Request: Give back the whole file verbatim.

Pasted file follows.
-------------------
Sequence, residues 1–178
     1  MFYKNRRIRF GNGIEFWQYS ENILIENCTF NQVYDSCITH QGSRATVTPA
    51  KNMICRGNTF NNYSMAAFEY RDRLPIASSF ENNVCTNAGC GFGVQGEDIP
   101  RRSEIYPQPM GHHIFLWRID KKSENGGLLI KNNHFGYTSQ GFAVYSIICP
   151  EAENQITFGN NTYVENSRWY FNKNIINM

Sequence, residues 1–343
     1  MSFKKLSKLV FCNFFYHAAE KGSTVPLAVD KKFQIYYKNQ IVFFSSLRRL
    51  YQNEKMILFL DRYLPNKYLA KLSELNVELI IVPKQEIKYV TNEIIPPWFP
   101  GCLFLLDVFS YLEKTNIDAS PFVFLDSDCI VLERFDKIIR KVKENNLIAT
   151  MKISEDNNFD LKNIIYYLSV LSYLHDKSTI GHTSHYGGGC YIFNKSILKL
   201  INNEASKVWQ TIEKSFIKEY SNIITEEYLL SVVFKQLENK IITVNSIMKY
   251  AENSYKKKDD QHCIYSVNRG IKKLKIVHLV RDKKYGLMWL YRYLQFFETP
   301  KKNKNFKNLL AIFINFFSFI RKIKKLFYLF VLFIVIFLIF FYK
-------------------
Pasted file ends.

Sequence, residues 1–178
     1  MFYKNRRIRF GNGIEFWQYS ENILIENCTF NQVYDSCITH QGSRATVTPA
    51  KNMICRGNTF NNYSMAAFEY RDRLPIASSF ENNVCTNAGC GFGVQGEDIP
   101  RRSEIYPQPM GHHIFLWRID KKSENGGLLI KNNHFGYTSQ GFAVYSIICP
   151  EAENQITFGN NTYVENSRWY FNKNIINM

Sequence, residues 1–343
     1  MSFKKLSKLV FCNFFYHAAE KGSTVPLAVD KKFQIYYKNQ IVFFSSLRRL
    51  YQNEKMILFL DRYLPNKYLA KLSELNVELI IVPKQEIKYV TNEIIPPWFP
   101  GCLFLLDVFS YLEKTNIDAS PFVFLDSDCI VLERFDKIIR KVKENNLIAT
   151  MKISEDNNFD LKNIIYYLSV LSYLHDKSTI GHTSHYGGGC YIFNKSILKL
   201  INNEASKVWQ TIEKSFIKEY SNIITEEYLL SVVFKQLENK IITVNSIMKY
   251  AENSYKKKDD QHCIYSVNRG IKKLKIVHLV RDKKYGLMWL YRYLQFFETP
   301  KKNKNFKNLL AIFINFFSFI RKIKKLFYLF VLFIVIFLIF FYK